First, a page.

The 13-book longlist for the £50,000 (about $65,510) Man Booker Prize was announced yesterday. The shortlist will be unveiled September 20 and a winner named October 16. This is the first year that books published in Ireland (in addition to those published in the U.K.) have been eligible for the prize. This year's longlisted titles are:
Snap by Belinda Bauer (U.K.)
Milkman by Anna Burns (U.K)
Sabrina by Nick Drnaso (U.S.)
Washington Black by Esi Edugyan (Canada)
In Our Mad and Furious City by Guy Gunaratne (U.K.)
Everything Under by Daisy Johnson (U.K.)
The Mars Room by Rachel Kushner (U.S.)
The Water Cure by Sophie Mackintosh (U.K.)
Warlight by Michael Ondaatje (Canada)
The Overstory by Richard Powers (U.S.)
The Long Take by Robin Robertson (U.K.)
Normal People by Sally Rooney (Ireland)
From a Low and Quiet Sea by Donal Ryan (Ireland)
Chair of judges Kwame Anthony Appiah commented: "Perhaps unsurprisingly, given the times, there were many dystopian fictions on our bookshelf--and many novels we found inspirational as well as disturbing. Some of those we have chosen for this longlist feel urgent and topical, others might have been admired and enjoyed in any year. All of these books--which take in slavery, ecology, missing persons, inner-city violence, young love, prisons, trauma, race--capture something about a world on the brink. Among their many remarkable qualities is a willingness to take risks with form. And we were struck, overall, by their disruptive power: these novels disrupted the way we thought about things we knew about, and made us think about things we didn't know about. Still, despite what they have in common, every one of these books is wildly distinctive. It's been an exhilarating journey so far and we're looking forward to reading them again. But now we'll have thousands and thousands of people reading along with us."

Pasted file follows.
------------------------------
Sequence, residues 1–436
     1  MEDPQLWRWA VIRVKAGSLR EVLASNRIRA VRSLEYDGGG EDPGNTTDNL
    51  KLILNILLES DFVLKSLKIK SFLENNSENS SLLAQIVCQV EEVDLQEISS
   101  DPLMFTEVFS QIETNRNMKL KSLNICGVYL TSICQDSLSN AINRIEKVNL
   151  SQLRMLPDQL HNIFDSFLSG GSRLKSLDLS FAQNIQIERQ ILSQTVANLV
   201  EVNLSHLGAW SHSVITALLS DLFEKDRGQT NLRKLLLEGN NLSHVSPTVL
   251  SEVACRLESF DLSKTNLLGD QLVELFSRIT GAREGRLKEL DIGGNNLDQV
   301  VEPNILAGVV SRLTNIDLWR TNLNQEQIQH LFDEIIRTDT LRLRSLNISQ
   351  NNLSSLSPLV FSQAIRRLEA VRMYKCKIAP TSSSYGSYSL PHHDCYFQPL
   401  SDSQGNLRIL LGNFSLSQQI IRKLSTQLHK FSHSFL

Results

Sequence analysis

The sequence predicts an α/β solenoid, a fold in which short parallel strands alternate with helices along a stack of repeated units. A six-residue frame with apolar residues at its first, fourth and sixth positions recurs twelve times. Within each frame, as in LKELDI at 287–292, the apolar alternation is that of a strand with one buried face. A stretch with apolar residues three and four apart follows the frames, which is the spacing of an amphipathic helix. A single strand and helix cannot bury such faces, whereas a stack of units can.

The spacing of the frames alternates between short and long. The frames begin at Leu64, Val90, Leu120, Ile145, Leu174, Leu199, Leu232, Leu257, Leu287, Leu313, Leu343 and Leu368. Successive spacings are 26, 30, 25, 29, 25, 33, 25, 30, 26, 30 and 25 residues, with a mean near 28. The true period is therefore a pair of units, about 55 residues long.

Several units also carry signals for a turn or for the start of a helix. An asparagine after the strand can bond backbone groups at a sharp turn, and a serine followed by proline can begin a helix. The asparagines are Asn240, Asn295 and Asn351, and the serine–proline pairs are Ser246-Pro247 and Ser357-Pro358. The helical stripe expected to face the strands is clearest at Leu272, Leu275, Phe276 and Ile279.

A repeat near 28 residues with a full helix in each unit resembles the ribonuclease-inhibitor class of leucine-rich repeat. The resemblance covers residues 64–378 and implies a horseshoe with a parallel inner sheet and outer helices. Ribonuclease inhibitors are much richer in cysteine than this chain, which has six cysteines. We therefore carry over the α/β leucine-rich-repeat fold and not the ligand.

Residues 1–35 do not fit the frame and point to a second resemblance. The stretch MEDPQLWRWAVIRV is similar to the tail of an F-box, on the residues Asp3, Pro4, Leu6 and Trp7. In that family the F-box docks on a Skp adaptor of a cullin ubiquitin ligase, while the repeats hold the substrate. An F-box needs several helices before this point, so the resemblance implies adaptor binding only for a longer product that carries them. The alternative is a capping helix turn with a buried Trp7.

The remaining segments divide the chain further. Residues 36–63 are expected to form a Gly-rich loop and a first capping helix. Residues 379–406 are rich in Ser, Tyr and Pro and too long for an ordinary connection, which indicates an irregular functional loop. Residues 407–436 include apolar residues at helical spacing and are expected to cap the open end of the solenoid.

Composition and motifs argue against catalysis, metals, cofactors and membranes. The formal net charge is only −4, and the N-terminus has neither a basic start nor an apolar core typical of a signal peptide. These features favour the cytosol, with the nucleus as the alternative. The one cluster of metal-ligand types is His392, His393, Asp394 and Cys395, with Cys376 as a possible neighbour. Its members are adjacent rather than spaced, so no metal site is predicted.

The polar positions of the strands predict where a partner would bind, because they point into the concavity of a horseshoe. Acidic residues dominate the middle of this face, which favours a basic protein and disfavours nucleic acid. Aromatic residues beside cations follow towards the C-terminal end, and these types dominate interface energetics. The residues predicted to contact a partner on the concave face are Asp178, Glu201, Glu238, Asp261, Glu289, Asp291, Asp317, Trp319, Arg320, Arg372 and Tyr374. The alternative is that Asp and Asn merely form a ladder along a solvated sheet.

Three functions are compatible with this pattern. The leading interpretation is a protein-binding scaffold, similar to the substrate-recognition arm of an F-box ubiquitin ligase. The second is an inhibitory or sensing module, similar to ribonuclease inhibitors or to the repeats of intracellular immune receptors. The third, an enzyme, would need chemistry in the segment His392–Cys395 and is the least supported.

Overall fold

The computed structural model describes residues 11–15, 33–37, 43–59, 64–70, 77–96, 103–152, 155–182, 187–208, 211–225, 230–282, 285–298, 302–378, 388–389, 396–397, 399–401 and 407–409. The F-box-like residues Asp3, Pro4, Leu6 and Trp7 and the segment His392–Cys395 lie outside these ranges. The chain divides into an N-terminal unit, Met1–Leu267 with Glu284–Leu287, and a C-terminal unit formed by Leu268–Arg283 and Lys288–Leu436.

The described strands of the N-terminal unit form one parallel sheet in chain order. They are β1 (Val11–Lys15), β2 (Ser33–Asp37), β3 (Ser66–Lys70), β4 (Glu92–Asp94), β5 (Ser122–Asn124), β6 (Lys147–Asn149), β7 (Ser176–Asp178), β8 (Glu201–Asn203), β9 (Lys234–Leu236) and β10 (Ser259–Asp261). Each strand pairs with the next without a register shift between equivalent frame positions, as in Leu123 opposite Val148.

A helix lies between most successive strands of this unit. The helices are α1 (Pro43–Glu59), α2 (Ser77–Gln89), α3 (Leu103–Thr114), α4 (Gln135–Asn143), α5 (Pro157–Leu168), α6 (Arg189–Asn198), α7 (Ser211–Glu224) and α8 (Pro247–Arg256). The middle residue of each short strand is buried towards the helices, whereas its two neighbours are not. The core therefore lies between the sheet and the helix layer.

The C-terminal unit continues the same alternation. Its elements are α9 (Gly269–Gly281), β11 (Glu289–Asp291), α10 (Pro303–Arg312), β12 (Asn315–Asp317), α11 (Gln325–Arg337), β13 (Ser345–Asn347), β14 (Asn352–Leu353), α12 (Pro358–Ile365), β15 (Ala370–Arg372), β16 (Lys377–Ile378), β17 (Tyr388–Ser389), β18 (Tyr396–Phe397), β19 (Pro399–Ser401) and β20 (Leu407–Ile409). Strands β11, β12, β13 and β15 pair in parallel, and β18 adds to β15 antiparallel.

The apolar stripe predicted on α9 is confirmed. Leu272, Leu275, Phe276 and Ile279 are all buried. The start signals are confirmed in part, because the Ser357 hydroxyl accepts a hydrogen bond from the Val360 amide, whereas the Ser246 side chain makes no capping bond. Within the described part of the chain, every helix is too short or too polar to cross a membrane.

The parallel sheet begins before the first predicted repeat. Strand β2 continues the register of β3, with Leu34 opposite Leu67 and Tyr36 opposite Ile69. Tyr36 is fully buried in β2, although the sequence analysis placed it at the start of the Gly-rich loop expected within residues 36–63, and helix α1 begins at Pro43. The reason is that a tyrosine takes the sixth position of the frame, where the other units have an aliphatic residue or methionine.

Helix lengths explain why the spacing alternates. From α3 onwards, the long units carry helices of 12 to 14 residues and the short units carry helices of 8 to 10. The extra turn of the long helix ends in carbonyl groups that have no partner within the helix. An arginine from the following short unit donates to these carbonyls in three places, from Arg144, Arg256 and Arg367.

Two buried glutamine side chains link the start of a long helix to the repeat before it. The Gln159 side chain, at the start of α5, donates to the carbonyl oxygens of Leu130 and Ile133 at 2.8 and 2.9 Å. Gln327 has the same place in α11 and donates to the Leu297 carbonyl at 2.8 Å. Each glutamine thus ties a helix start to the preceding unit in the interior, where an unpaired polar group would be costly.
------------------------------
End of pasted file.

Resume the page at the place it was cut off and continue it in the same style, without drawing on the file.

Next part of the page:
In another first, the Man Book Prize is partnering with IKEA, which for a week will have a "reading room" in its Wembley store in north London where customers can read and take a copy of one of the 13 longlisted titles, according to the Bookseller. The reading room will run from July 31 to August 5, and customers will be able to reserve one-hour slots to sit and read.
Luis Lopez, head of living rooms of IKEA UK and Ireland, said: "The Reading Rooms give us a chance to use our retail space to inspire people to think about the importance of relaxation at home. Reading at home is good for your health and the living room is the perfect, tranquil setting to do so, providing a peaceful haven from the outside world."
Gaby Wood, literary director of the Booker Prize Foundation, added: "If you associate reading with holidays then you probably associate it with indulgence. And--it's true--reading fiction can be, at its best, a form of escapism. But that doesn't make it a guilty pleasure. It's more like a fast route to better health. Our homes are filled with devices that allow the digital world to encroach on our private lives."
Finalists have been named for the £5,000 (about $6,560) Gordon Burn Prize, which "seeks to champion 'fearless non-fiction and bold, genre-defying fiction,' " the Bookseller reported. The award is run in partnership by the Gordon Burn Trust, New Writing North, Faber & Faber and the Durham Book Festival. The winner will be announced October 11 at the Durham Book Festival. This year's shortlisted titles are:
I'll Be Gone in the Dark: One Woman's Obsessive Search for the Golden State Killer by Michelle McNamara
Census by Jesse Ball
H(a)ppy by Nicola Barker
In Our Mad and Furious City by Guy Gunaratne
Crudo by Olivia Laing
The Cost of Living by Deborah Levy